Economic development is a big goal for Evanston aldermen these days, and it turns out that vacation rentals might have a role to play in achieving that goal.

Aldermen have been trying for months to figure out how to respond to demands from residents of a block on Ashland Avenue that a neighbor there be barred from using her home as a vacation rental — so far without success.

In researching the issue we ran across a study conducted by the consulting group HR&A Advisors for the big vacation rental matching service Airbnb.

The study, conducted in Airbnb’s San Franciso home base, claims that over a period of 13 months ending 10 months ago vacation rentals generated through the service added $56 million to the San Francisco economy.

A press release promoting the study was thin on information about how that figure was determined, and we haven’t received a response yet to an email inquiry yesterday seeking more details about it.

San Francisco has about 11 times the population of Evanston, and many would say it’s a much more popular tourist destination. But just adjusting for population, the study could support a theory that Airbnb vacation rentals alone could account for about $5 million a year in additional economic activity here.

How much other players in the space account for was beyond the scope of the study.

To put that $5 million number in some perspective, the evanstArts study last month claimed that all non-profit arts groups in Evanston generate about $20 million in economic activity — something the arts advocates believe justifies more financial support from taxpayers.

Now $20 million is only about 1 percent of Evanston’s total household income, so the impact of vacation rentals on the local economy is not likely to be huge, even adding in the impact of all of Airbnb’s competitors.

But it’s something for aldermen to think about before deciding to outlaw vacation rentals.

Related stories

Aldermen stumped by vacation rentals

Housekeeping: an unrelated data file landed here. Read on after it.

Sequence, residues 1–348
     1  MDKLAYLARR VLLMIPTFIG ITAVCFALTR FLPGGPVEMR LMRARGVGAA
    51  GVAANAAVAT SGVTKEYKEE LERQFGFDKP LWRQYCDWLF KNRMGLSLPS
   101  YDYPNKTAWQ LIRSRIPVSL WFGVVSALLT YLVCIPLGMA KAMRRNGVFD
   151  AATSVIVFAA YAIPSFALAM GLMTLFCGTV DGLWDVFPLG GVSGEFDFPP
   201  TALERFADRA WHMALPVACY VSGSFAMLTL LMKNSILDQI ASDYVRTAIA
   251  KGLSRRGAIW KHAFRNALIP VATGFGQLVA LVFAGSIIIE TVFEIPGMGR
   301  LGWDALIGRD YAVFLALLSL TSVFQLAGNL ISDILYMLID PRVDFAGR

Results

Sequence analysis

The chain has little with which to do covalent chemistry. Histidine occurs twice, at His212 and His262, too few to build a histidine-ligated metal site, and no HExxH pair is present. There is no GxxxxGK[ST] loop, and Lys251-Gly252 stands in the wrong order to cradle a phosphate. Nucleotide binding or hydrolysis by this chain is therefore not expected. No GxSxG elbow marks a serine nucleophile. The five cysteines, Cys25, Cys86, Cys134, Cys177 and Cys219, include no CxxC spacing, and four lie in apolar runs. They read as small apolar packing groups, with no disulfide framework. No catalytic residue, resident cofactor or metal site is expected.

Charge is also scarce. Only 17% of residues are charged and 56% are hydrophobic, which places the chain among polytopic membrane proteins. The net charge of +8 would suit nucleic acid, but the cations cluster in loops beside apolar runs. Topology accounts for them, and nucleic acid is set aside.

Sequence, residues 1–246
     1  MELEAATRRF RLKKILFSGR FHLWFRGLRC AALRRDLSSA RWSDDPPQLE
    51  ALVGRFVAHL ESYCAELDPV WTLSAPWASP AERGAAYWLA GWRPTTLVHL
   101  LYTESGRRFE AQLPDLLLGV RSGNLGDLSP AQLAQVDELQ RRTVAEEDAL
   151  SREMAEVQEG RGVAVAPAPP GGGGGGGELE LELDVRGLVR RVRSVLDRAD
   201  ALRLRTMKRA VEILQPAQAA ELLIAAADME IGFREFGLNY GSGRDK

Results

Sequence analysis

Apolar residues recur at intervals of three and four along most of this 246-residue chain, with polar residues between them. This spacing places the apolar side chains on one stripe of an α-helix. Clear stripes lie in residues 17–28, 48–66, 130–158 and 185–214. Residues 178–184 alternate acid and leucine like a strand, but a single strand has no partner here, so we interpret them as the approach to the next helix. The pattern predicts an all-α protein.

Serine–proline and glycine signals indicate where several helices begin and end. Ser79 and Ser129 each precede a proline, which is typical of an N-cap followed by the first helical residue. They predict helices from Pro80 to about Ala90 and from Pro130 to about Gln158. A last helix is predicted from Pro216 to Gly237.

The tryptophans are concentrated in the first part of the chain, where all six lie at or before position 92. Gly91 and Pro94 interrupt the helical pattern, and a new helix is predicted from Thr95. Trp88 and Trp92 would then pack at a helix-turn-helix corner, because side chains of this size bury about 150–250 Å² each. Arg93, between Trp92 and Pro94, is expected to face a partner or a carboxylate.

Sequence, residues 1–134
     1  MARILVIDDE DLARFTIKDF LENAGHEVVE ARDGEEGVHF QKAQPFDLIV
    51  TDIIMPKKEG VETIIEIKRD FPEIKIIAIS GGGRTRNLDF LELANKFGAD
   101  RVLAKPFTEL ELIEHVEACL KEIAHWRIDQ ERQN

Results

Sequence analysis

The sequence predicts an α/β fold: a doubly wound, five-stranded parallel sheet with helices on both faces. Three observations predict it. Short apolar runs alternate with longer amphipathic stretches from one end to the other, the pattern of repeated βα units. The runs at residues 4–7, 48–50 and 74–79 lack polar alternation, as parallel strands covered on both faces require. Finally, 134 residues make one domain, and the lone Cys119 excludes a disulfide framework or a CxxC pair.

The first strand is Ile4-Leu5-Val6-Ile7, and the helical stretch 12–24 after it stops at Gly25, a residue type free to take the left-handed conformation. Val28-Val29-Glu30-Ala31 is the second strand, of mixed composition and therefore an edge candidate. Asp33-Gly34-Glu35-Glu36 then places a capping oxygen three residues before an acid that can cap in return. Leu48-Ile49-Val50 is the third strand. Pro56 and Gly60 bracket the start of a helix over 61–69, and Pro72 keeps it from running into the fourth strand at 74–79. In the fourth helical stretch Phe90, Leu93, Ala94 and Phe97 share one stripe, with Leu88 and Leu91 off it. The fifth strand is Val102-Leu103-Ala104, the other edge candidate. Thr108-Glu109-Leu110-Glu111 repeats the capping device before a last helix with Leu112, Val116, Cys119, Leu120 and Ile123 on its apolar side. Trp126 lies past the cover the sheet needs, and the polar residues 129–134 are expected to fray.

Vacation rentals: Ban, license or leave alone?

Vacation rentals to get the workshop treatment

Vacation rental ban: Will it work?

Neighbors howl about vacation rental on Ashland

Bill Smith is the editor and publisher of Evanston Now.

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  1. Economic development

    The $20 million claim by the arts group is a canard.  The estimates are easily refuted with some simple math.  When people want taxpayer money, they generate reports that justify the taking of taxpayer money.  

    All over the country art related projects have not lived up or come close to the projections provided by the arts groups.  Of course not all, but many.  Also holds true to claims of further economic development directly related to taxpayer subsidized convention centers, sports facilities, casinos, etc.  

    Usually when taxpayer subsidy is required to underwrite projects that will not pay underlying property taxes, be careful.  When subsidy is provided to projects that will generate r.e. taxes plus sales tax, payback is usually guaranteed.   

    The difference here is tax generation from visitors without any taxpayer subsidy and property that is not taken off the rolls.  Maybe small gains but still gains and that qualifies as economic development.

  2. Study?

    Are you seriously suggesting that we should rely on a "study" conducted by a "consulting firm" on behalf of one of its clients for which the study's results were, not surprisingly, favorable?  There are places in Evanston where new hotels could be built if there were a great demand for additional transient housing.  Why we need to legalize transient rentals of single-family homes in residential districts is beyond me.

    1. Study

      Oh, heavens no.

      I'm only suggesting that the city should make best efforts to measure the beneficial economic impact of an activity before it decides to ban it. The corporate-funded study is only one piece of data — just like the advocacy data from the arts groups.

      And of course, there are places for new hotels in Evanston. Like this one — now a vacant lot because the alderman of the ward wants something else built instead.

      — Bill

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